Inactivated COVID-19 vaccines in pregnancy: No impact on neonatal outcome, study finds

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A comprehensive cohort study explored the impact of inactivated COVID-19 vaccines administered within 3 months before conception, revealing reassuring findings that neonatal outcomes, including preterm birth and NICU admission, remain unaffected.

Inactivated COVID-19 vaccines in pregnancy: No impact on neonatal outcome, study finds | Image Credit: © insta_photos - © insta_photos - stock.adobe.com.

Inactivated COVID-19 vaccines in pregnancy: No impact on neonatal outcome, study finds | Image Credit: © insta_photos - © insta_photos - stock.adobe.com.

Neonatal outcomes do not significantly differ between newborns born to unvaccinated women compared to women who received inactivated vaccines for COVID-19 before conception, according to a recent study published in JAMA Network Open.

Takeaways

  1. The study found no significant differences in neonatal outcomes, including preterm birth, small for gestational age (SGA), and neonatal intensive care unit (NICU) admission, between newborns born to women who received inactivated COVID-19 vaccines within 3 months before conception and those born to unvaccinated women.
  2. The World Health Organization reported over 868,000 new cases of COVID-19 and over 3700 deaths between June 26 and July 23, 2023, highlighting the ongoing global health concern posed by the virus.
  3. COVID-19 infection during pregnancy is associated with morbidity and mortality in both mothers and infants. Given that COVID-19 vaccination does not increase morbidity risk, the WHO recommends pregnant women receive vaccination.
  4. While the recommendation for COVID-19 vaccination during pregnancy exists, most available information pertains to mRNA vaccines, with limited data on inactivated COVID-19 vaccines. This study specifically evaluates the impact of inactivated vaccination on neonatal outcomes.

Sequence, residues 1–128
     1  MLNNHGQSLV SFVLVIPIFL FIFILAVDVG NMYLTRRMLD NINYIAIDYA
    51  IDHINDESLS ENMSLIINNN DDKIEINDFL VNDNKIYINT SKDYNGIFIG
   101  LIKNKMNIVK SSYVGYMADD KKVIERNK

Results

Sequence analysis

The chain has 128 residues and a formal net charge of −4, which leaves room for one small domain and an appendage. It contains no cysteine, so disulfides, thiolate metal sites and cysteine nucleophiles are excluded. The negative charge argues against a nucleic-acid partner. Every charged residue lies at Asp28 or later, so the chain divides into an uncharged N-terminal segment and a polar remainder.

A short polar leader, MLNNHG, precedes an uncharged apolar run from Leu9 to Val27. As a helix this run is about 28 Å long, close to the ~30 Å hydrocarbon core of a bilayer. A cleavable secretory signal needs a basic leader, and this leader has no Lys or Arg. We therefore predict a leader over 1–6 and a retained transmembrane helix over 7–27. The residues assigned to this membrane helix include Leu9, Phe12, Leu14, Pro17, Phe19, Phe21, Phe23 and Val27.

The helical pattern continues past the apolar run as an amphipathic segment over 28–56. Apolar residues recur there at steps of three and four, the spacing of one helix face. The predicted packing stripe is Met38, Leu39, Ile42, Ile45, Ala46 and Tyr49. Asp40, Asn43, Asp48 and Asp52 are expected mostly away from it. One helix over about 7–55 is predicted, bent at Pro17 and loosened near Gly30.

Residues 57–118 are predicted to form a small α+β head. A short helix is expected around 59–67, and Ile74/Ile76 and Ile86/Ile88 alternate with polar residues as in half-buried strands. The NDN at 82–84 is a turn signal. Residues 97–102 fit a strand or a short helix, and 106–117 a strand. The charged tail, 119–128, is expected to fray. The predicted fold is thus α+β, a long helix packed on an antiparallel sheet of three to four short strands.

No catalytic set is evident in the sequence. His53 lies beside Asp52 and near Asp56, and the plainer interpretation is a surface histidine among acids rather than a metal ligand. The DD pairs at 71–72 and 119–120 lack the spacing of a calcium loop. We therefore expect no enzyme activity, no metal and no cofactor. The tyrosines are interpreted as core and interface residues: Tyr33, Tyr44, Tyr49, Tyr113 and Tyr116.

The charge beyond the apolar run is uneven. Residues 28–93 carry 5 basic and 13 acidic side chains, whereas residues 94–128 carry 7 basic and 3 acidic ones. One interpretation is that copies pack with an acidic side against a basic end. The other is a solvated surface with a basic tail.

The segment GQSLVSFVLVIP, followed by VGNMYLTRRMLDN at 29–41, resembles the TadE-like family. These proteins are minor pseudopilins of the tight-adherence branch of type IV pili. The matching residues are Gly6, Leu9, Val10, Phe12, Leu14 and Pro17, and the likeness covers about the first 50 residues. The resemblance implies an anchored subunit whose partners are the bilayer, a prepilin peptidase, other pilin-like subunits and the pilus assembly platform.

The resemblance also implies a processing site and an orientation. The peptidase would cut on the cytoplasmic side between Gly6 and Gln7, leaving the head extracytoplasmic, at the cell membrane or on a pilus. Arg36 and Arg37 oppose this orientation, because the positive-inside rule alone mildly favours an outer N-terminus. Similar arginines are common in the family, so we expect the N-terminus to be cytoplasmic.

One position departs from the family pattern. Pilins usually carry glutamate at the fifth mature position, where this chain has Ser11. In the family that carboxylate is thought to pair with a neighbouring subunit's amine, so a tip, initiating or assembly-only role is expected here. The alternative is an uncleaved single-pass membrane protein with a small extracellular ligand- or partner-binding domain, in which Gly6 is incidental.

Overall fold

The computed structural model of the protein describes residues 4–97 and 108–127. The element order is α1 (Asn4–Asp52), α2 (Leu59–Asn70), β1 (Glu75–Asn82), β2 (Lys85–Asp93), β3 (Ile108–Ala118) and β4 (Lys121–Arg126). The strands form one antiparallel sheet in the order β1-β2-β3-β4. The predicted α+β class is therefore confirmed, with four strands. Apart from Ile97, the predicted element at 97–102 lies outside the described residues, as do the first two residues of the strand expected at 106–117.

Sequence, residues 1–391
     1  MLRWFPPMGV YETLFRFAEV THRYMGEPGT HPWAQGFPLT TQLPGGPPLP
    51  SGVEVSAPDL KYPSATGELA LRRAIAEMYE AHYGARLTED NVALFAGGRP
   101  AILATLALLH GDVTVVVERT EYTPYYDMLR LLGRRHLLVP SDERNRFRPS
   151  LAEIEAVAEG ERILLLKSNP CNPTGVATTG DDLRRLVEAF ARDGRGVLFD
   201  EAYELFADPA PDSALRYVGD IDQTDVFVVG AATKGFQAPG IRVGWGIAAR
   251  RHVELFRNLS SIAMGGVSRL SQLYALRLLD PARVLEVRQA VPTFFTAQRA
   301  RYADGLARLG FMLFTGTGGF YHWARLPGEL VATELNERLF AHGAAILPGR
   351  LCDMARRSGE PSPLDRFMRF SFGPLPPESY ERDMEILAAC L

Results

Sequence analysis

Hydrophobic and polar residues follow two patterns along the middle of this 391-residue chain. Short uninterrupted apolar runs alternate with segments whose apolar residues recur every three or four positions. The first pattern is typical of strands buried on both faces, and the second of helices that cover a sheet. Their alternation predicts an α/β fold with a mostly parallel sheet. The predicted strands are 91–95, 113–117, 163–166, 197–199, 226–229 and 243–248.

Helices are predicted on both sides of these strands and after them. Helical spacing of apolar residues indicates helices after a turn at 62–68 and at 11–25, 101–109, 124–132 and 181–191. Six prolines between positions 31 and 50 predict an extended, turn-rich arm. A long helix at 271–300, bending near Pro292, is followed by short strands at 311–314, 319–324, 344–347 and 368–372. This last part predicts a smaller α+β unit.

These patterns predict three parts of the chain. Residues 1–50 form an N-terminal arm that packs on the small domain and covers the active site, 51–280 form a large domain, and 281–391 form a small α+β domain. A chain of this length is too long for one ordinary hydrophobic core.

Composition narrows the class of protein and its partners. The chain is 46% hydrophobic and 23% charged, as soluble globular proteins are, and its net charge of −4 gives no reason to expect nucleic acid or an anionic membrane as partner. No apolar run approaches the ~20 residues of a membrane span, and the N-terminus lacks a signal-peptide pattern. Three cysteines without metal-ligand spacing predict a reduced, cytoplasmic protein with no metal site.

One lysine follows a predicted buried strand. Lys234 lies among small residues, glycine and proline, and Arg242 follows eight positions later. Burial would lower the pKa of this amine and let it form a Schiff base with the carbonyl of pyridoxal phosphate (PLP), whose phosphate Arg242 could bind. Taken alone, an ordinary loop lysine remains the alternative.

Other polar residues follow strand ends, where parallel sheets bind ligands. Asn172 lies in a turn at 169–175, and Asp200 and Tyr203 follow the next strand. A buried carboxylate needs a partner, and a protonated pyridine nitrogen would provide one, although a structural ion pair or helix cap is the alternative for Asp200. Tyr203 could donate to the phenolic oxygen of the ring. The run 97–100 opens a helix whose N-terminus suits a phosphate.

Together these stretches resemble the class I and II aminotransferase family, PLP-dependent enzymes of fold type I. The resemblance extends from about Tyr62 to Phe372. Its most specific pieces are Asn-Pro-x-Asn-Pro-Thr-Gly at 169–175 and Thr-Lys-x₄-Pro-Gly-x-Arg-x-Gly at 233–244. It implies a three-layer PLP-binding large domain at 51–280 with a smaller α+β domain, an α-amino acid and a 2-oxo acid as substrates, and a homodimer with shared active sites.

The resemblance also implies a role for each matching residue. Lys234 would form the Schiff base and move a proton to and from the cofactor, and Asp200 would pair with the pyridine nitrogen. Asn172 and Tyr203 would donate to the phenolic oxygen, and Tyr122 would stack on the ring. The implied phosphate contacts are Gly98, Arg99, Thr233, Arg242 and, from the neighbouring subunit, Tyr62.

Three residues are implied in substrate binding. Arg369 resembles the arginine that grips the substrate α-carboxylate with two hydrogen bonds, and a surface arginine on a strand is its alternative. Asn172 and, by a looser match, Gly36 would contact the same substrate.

5. The study's results suggest that inactivated COVID-19 vaccination within 3 months before conception does not impact newborn outcomes.

The World Health Organization (WHO) reported over 868,000 newcases of COVID-19 and over 3700 deaths between June 26 and July 23, 2023, making COVID-19 a continuous global health concern. COVID-19 vaccination offered protection among multiple populations during the COVID-19 pandemic, including pregnant women.

COVID-19 infection during pregnancy is associated with morbidity and mortality in mothers and infants. As COVID-19 vaccination does not increase morbidity risk, the WHO recommends pregnant women received vaccination. However, most information about vaccines is based on mRNA vaccines, with little data available on inactivated COVID-19 vaccines.

To evaluate the impact of inactivated vaccination within 3 months before conception on neonatal outcomes, investigators conducted a cohort study including all singleton live births from March 1 to June 30, 2022, at Tianjin Central Hospital of Obstetrics and Gynecology.

Newborns in the vaccinated group were born from mothers who received their initial COVID-19 dose prior to conception, while those whose mothers did not receive vaccination before or during pregnancy were in the unvaccinated group. Data on COVID-19 infection was obtained through questionnaires, and gestational age was determined by ultrasound or last menstrual period.

Exclusion criteria included missing consent, non-singleton birth, invalid or incomplete COVID-19 vaccine information, untargeted COVID-19 vaccine receipt, incomplete clinical information, COVID-19 vaccination more than 3 months before conception, and any dose of vaccination against COVID-19 during pregnancy.

Primary outcomes included preterm birth, small for gestational age (SGA), and neonatal intensive care unit (NICU) admission. Secondary outcomes included very preterm birth, late preterm birth, low birth weight, very low birth weight, neonatal bacterial infection, and mortality.

There were 856 neonates included in the analysis, 369 of which were in the vaccinated group. Higher education levels and rates of unplanned pregnancy were observed in the vaccination group, as well as decreased rates of assisted reproductive technology use.

Rates of preterm birth, SGA, and NICU admission did not differ between the vaccinated and unvaccinated group, even after adjusting for maternal characteristics. Very preterm birth, late preterm birth, low birth weight, very low birth weight, and neonatal bacterial infection also did not differ between groups. No cases of mortality were observed.

These results indicated COVID-19 vaccination does not impact newborn outcomes. Investigators recommended women preparing for pregnancy receive COVID-19 vaccination.

Reference

Chen Z, Mu X, Wang X, et al. Association of maternal inactivated COVID-19 vaccination within 3 months before conception with neonatal outcomes. Vaccines (Basel). 2023;11(11):1710. doi:10.3390/vaccines11111710

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